Also for all of us that are calling censorship it’s not about us not being able to get stuff for free anymore, it’s about the “free internet”. If you want a free, unbiased, uncensored community then you have to take the good with the bad.

Once the grounds are established with this bill, a blatant internet censorship bill, what would stop them from going a little further?

x083 09/22/2010 6:20pm

this is fascist legislation to destroy the internet, or the free internet rather. in a communist-fascist world, where the plutocratic-cabal is the only real terrorists of the world. their obvious goal is world communism, otherwise known as serfdom. power corrupts, and absolute power corrupts absolutely. it removes the free flow of information which is essential for any free society, or a free world in general. blocking a site because of purported copyright infringement is just another way of censorship.

people need to fight this tooth and nail, anyway they can, including picketing senators homes, churches, and everything. flyers need to be handed out everywhere, describing the future fascist world government, without a free internet, so the public can paint a very not so pretty picture in its mind.

wake up 2 people a day who wake up 5 people a day who wake up 10 people a day. please take this seriously and the food and supplement bills these communist fascists are trying to ram thru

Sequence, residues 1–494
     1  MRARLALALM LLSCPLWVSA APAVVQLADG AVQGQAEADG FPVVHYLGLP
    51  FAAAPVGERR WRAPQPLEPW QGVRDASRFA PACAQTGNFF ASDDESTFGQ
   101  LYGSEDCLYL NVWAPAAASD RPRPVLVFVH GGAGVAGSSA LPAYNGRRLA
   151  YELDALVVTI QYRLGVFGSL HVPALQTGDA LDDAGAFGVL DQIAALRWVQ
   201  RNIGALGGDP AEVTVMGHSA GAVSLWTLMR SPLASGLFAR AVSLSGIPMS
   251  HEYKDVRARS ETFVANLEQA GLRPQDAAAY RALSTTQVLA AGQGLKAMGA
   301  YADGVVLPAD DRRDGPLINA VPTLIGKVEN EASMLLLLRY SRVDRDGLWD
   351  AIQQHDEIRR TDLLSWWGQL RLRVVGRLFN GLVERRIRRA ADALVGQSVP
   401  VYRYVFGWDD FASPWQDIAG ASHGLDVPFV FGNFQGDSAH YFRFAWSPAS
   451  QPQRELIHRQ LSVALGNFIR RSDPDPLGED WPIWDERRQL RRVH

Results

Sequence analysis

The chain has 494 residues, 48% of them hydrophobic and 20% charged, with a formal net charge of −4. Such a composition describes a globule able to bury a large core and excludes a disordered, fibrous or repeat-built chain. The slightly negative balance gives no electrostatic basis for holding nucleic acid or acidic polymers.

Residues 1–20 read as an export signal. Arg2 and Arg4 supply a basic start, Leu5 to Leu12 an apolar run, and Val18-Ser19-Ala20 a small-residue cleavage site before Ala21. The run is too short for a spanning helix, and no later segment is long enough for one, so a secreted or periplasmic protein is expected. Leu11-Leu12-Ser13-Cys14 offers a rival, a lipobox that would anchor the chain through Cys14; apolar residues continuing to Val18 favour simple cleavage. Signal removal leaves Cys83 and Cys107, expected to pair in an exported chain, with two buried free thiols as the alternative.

4ofjulyguy 10/27/2010 9:55am
in reply to RowenaCherry Oct 25, 2010 1:56am

No, novels, movies, music, and games are not information.

However this is blatant attempt at censorship of internet content, something we as Americans are supposed to be against; “a service provider…shall take reasonable steps that will prevent a domain name from resolving to that domain name’s Internet protocol address.” The definition of censoring (according to Merriam-Webster): “to examine in order to suppress or delete anything considered objectionable.”

I understand that spreading copyrighted materials is considered illegal in the United States, but there’s a better way to resolve the matter. Blacklisting websites and blocking internet users from accessing certain sites is not a road that I want to go down.

Please do not pass this bill, never enforce it! Stop censorship!

Gruesomex 11/01/2010 11:00am
in reply to JustAVoter Oct 25, 2010 11:37am

I agree with everything you’re saying, but a bad law is a bad law.
An argument that crime is being committed and therefor we must pass this law is not a good argument. Is there a requirement for stronger laws to enforce copyright? Yes, most likely. Is this the right law? Most definitely not.

4ofjulyguy 10/30/2010 11:30am
in reply to Taylor_L Oct 28, 2010 5:43am

The only flaw with your argument is that the hacker/virus/spammer websites are not blocked by our government/internet service providers (ISPs). You or I have services that are provided on our own accord to block these websites from us and only us. The websites still exist and are still accessible if we ever had the crazy desire to go to them.